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Visible-Light-Activated Prodrug Can Combat Chemo’s Side Effects

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HONG KONG, Oct. 4, 2019 — Many antitumor drugs used in chemotherapy move around in the patient’s blood after intake. Healthy cells may be killed along with tumor cells, causing undesirable side effects. To avert potential “collateral damage” caused by antitumor drugs, a research team at City University of Hong Kong (CityU) has developed a small-molecule platinum(IV) anticancer prodrug called phorbiplatin. Phorbiplatin is shown to be inert in the dark, but it can be controllably activated under low-power red-light irradiation.  As a prodrug, phorbiplatin only becomes pharmacologically active when it is activated inside the body.

Under short-period irradiation with a low intensity of red light (650 nm, 7 mW/cm2) and without any external catalyst, phorbiplatin is reduced to oxaliplatin, a first-line clinical chemotherapeutic drug, and pyropheophorbide a (PPA), a photoactivation ligand. “Both substances are effective in killing tumor cells,” professor Guangyu Zhu, who led the research, said. Phorbiplatin is scaffolded on the molecular structure of oxaliplatin.

Red-light-activated anti-tumor prodrug phorbiplatin, City University of Hong Kong.

The controllable activation property and superior antitumor activity of phorbiplatin could significantly contribute to the development of photoactivatable anticancer prodrugs to reduce the adverse effects and conquer drug resistance of traditional platinum chemotherapy. Courtesy of Wang et al., Phorbiplatin, a Highly Potent Pt(IV) Antitumor Prodrug That Can Be Controllably Activated by Red Light,
Chem (2019).

The team functionalized oxaliplatin with PPA, which is highly sensitive to red light and is the photoactive ligand used to obtain phorbiplatin. Under irradiation with low-intensity red light, PPA acts as a “photo-induced redox relay,” said the researchers, to transfer electrons from reducing agents to the platinum(IV) center to facilitate the reduction process and release oxaliplatin.

Zhu said that only a short period of irradiation is needed to trigger the photoreduction mechanism. In just 10 minutes, 81% of phorbiplatin was reduced to oxaliplatin and PPA.

The team examined the ability of phorbiplatin to destroy different tumor cells and found that it significantly improved antitumor activity both in vitro and in vivo. The researchers found that platinum-sensitive human ovarian cancer cells treated with phorbiplatin under red light irradiation showed high fractions (68%) of dead cells. Compared with oxaliplatin, phorbiplatin displayed photocytotoxicity that is up to 1786 times greater than that of oxaliplatin in human carcinoma cells.

Moreover, phorbiplatin with irradiation significantly inhibited tumor growth in mice, with 67% reduction in tumor volume and 62% reduction in tumor weight compared with mice treated with oxaliplatin, PPA, and even with a mixture of oxaliplatin and PPA. The body weight of the mice treated with phorbiplatin did not change significantly, indicating that phorbiplatin is safe for use.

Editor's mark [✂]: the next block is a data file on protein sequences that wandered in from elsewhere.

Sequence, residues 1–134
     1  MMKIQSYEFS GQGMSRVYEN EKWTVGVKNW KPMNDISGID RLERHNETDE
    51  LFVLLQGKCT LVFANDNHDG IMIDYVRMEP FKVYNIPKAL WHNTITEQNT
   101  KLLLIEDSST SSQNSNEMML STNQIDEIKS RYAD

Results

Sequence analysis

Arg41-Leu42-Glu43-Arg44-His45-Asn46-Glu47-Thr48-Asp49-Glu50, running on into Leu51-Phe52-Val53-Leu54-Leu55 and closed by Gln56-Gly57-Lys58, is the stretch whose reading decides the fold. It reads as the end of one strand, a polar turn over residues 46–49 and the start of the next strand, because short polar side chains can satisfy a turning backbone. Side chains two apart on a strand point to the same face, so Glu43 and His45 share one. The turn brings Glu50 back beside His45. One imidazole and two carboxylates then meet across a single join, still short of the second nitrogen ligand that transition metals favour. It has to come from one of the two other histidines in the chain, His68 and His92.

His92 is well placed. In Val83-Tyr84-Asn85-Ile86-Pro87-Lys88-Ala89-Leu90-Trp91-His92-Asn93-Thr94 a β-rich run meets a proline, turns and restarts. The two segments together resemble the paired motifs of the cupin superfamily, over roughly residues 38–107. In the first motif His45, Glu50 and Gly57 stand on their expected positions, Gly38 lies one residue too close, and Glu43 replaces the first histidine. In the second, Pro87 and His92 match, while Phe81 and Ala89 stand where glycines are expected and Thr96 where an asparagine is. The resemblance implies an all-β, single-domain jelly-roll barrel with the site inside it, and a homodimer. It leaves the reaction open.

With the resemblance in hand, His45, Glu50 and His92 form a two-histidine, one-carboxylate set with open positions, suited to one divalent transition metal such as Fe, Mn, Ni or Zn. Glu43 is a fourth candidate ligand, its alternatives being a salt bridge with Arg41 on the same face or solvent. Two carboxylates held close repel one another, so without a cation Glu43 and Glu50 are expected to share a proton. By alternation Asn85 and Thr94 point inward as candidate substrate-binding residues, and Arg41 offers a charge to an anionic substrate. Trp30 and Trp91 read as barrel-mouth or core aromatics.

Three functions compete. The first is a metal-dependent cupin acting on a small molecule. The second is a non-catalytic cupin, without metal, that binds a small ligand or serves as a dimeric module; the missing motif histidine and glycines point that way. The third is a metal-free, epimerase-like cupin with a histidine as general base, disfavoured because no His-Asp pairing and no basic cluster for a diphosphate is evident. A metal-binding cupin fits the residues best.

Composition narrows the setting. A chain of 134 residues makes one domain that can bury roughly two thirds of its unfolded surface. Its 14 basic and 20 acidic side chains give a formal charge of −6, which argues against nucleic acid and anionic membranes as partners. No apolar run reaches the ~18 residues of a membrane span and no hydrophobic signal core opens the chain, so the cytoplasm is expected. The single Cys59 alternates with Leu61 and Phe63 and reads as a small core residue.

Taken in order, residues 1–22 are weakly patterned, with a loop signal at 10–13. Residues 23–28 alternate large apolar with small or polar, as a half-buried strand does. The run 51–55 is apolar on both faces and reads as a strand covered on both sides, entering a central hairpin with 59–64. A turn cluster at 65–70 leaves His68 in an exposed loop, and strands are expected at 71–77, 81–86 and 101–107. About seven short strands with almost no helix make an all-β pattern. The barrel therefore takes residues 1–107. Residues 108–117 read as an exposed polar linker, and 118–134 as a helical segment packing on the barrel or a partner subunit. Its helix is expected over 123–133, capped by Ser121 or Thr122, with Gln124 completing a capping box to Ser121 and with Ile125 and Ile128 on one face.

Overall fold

Red-light-activated anti-tumor prodrug phorbiplatin, City University of Hong Kong.

Phorbiplatin (red line) displays remarkable ability to kill breast cancer cells in mice. Results showed much higher photocytotoxicity compared with oxaliplatin (green line). Courtesy of Wang et al., Phorbiplatin, a Highly Potent Pt(IV) Antitumor Prodrug That Can Be Controllably Activated by Red Light,
Chem (2019).

Toxicity tests on phorbiplatin indicated low toxicity to normal human lung fibroblasts in the dark. Mice treated with phorbiplatin under irradiation remained healthy, further indicating the safety of phorbiplatin. In contrast, there was liver damage in the mice treated directly with a mixture of oxaliplatin and PPA under irradiation.

According to Zhu, phorbiplatin is the first small-molecule platinum(IV) prodrug that can be activated by a red light. The researchers believe that phorbiplatin could significantly contribute to the development of photoactivatable anticancer prodrugs, especially platinum(IV) prodrugs that can be activated by red light, that could be administered to reduce adverse effects and combat drug resistance to traditional platinum chemotherapy. The team will work on a preclinical study and conduct more toxicity and efficacy tests.

The research was published in Chem (https://doi.org/10.1016/j.chempr.2019.08.021). 

Photonics.com
Oct 2019
Research & TechnologyeducationAsia-Pacificphotoactivatable drugphotoactivation mechanismphotoreductionCity University of Hong KongZhu Guangyulight sourcesBiophotonicsmedicalmedicinepharmaceuticalcancerchemotherapyside effects of cancer drugsphorbiplatinBioScan

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